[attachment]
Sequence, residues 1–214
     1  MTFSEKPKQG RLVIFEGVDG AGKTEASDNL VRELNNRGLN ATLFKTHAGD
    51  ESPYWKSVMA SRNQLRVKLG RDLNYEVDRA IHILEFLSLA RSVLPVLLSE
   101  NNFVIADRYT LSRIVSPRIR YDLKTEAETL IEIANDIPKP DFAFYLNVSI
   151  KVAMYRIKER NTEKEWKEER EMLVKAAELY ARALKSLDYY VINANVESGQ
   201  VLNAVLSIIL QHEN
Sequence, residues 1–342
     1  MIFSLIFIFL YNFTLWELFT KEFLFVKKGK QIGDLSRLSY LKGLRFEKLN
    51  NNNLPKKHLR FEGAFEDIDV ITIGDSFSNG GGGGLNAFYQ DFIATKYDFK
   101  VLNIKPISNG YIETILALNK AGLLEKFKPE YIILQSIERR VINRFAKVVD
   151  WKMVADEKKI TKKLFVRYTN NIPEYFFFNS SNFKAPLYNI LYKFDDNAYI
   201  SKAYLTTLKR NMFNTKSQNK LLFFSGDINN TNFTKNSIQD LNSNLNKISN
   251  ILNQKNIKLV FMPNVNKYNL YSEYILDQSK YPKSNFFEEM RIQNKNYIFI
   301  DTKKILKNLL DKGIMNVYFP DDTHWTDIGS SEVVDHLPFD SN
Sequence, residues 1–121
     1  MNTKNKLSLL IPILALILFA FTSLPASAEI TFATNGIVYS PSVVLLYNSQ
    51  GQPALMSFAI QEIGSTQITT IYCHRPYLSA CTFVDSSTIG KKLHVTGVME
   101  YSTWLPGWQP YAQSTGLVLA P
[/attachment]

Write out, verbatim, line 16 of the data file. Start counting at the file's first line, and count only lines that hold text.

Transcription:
     1  MNTKNKLSLL IPILALILFA FTSLPASAEI TFATNGIVYS PSVVLLYNSQ